One problem with liberalism is that, while it follows the trends of current morality, it does not follow the trends of historical morality. This is a difference in worldview. The liberal agenda sees history as a constant movement of progression. It sees the present age as the age most enlightened.
A problem with that is that it is not consistent with its very beliefs. It feels the need to combat injustices. This assumes that the world is plagued with injustice. Granted, liberals tend to admit this. What I don’t understand is why the liberalism, on the basis of a naturalistic meta-narrative, thinks that, given the great and apparent injustice in the world, it is safe to assume that we, as a society, are moving in a direction of progress. It’s possible that we are, by why is it assumed?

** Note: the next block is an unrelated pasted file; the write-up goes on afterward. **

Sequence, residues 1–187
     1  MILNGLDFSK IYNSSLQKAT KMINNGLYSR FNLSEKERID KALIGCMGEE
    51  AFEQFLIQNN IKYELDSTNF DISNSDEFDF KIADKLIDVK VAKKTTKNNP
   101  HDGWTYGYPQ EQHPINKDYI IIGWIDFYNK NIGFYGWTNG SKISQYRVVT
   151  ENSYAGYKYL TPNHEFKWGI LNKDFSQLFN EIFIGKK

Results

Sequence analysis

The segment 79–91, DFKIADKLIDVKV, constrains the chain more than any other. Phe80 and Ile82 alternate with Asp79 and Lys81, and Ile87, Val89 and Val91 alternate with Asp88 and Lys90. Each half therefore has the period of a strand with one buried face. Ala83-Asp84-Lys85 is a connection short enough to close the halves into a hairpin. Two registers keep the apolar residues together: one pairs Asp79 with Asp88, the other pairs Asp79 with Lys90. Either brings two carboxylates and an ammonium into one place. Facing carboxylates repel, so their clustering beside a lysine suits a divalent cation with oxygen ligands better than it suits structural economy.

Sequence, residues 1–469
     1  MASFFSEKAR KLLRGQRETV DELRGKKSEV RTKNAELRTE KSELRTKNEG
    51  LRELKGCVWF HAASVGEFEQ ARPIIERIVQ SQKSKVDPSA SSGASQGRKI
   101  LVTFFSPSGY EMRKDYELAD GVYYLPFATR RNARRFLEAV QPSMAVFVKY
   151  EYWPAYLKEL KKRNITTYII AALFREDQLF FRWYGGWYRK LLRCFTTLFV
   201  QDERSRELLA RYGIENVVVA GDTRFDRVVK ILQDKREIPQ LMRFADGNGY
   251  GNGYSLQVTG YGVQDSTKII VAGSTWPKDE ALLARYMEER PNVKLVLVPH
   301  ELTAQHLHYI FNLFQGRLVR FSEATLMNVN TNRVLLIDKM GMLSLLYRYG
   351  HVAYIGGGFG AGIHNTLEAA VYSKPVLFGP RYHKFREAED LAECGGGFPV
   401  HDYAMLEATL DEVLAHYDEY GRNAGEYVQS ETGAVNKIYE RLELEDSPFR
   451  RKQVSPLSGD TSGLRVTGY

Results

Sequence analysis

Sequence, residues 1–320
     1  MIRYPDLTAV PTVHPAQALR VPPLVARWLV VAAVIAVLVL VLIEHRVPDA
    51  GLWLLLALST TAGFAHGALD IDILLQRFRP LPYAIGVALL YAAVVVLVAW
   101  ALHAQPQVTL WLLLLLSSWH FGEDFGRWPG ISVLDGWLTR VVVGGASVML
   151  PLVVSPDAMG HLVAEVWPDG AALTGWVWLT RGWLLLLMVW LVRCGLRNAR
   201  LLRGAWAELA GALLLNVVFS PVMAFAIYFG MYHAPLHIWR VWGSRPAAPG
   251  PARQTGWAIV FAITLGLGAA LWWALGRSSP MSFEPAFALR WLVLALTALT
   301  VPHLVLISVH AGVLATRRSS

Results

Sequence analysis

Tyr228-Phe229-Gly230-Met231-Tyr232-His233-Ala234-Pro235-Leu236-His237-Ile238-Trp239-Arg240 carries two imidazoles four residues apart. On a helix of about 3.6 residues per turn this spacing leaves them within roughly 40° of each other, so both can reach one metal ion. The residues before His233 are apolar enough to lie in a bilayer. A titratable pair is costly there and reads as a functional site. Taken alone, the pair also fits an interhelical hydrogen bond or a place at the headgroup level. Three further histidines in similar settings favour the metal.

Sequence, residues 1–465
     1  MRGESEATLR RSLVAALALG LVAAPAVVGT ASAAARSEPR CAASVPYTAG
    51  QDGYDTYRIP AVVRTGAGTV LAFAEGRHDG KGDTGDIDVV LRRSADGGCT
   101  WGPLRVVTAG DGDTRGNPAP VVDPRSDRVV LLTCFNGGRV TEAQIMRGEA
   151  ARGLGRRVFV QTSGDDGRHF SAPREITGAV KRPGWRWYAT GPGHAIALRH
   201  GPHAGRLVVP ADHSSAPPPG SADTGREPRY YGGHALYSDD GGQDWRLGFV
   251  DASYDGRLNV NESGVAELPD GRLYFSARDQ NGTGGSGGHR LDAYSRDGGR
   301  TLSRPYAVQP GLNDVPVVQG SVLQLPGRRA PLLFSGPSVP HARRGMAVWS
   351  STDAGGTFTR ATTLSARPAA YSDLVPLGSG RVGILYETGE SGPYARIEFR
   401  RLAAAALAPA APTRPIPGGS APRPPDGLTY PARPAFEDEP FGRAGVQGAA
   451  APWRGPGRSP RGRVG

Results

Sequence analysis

As Anthony Hoekema pointed out, the Christian worldview is one that acknowledges a tension, a constant tension between the optimistic hope of the redemption of all things through Christ, alongside of the constant realization that the tares are accompanying the wheat until the end (Anthony Hoekema, The Bible and the Future, 34-37).
Christianity and Western Secularism are similar in that they both have a hope in historical progress. The difference is that Christianity has a standard by which to judge progress and a solid reason to hope that it will come to fruition.